DaNang Diary: A Forward Air Controller’s Gun Sight View of Flying with SOG, by Tom Yarborough

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MWSA Review

"Good work Covey - You've got them all shooting at you!" … These words were typical life and death radio communications from the covert SOG operators on secret missions inside Laos who required danger close air support from the Forward Air Controller (FAC) above. USAF FAC pilot Tom Yarborough shares the surrounding view through the Plexiglas canopy - if it isn't blown away - of his low flying OV-10 Broncho. He does this while orchestrating the entrance of all critical assets into theatre - fast movers, Cobras, Hueys, and additional Special Forces. The FAC flies, fights, and coordinates the ever changing situations - whether it be to insert, defend, or save and rescue SOG warfighters or to attack enemy guns and positions down the fortified Ho Chi Minh Trail. Yarborough draws from over six hundred combat missions in which he and his aircraft are shot up over a dozen times to provide this first hand report of top secret - and recently declassified - "Prairie Fire" missions into Laos and Cambodia. The author's detail is breathtaking: ammo dumps burn for ten days with hundreds of secondary explosions, the FAC "trolls" for targets hidden under dense jungle canopy, emergency landings are pulse bangers, and rescues under heavy fire are all vividly described. Fellow FAC's and brave SOG recon men are killed; regardless, the rest heroically fly and fight the next day in the face of unthinkable hardships. The camaraderie and life’s lighter side back at Da Nang Airbase in the Covey FAC "Muff Divers Club" add a humor balance to these remarkable missions that few knew about. Highly decorated Author Tom Yarborough deflects all credit to others while assuring accuracy through extensive research of this incredible military history. There are many current day BIO's of the characters in the book that I found extremely interesting. Da Nang Diary has my highest recommendation.

Reviewed by: Hodge Wood (2014)


Author's Synopsis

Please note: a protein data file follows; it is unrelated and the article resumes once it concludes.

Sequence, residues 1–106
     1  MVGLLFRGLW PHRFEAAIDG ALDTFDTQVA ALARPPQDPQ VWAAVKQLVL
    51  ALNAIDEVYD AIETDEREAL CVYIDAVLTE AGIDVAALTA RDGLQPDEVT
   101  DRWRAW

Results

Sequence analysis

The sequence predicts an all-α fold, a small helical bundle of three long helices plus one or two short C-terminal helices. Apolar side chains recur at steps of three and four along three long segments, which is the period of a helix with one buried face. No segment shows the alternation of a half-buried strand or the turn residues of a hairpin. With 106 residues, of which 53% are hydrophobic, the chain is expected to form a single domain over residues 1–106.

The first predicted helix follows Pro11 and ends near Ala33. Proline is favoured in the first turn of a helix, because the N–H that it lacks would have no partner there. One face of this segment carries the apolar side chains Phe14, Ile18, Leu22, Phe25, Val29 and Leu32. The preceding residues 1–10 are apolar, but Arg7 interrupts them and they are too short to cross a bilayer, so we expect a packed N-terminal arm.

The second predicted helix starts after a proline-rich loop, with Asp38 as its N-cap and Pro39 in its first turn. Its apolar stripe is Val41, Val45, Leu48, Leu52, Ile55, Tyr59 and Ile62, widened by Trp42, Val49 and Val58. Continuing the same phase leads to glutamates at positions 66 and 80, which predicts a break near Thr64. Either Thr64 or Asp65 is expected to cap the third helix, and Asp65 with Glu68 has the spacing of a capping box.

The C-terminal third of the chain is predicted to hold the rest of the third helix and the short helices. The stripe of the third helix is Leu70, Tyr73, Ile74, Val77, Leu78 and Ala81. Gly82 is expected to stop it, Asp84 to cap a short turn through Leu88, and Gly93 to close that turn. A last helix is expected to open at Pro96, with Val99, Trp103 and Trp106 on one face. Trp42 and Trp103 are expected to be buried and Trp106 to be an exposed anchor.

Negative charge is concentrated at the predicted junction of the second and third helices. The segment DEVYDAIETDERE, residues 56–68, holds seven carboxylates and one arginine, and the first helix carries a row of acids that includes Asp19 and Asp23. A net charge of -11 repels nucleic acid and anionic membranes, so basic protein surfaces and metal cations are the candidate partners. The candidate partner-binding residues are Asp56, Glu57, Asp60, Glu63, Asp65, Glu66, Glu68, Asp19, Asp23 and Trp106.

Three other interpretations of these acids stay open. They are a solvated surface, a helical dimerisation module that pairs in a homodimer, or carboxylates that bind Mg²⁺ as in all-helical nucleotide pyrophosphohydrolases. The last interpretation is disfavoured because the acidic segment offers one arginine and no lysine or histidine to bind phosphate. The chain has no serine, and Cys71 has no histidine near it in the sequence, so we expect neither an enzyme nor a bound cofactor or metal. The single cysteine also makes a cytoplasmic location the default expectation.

Originally published in 1991, this classic work has now been revised and updated with additional photos. It is the story of how, in Vietnam, an elite group of Air Force pilots fought a secret air war in Cessna 0-2 and OV-10 Bronco prop planes—flying as low as they could get. The eyes and ears of the fast-moving jets who rained death and destruction down on enemy positions, the forward air controller made an art form out of an air strike—knowing the targets, knowing where friendly troops were, and reacting with split-second, life-and-death decisions as a battle unfolded.

The expertise of the low, slow FACs, as well as the hazard attendant to their role, made for a unique bird’s-eye perspective on how the entire war in Vietnam unfolded. For Tom Yarborough, who logged 1,500 hours of combat flying time, the risk was constant, intense, and electrifying. A member of the super-secret “Prairie Fire” unit, Yarborough became one of the most frequently shot-up pilots flying out of Da Nang—engaging in a series of dangerous secret missions in Laos. In this work, the reader flies in the cockpit alongside Yarborough in his adrenaline-pumping chronicle of heroism, danger, and wartime brotherhood. From the rescuing of downed pilots to taking out enemy positions, to the most harrowing extended missions directly overhead of the NVA, here is the dedication, courage and skill of the fliers who took the war into the enemy’s backyard.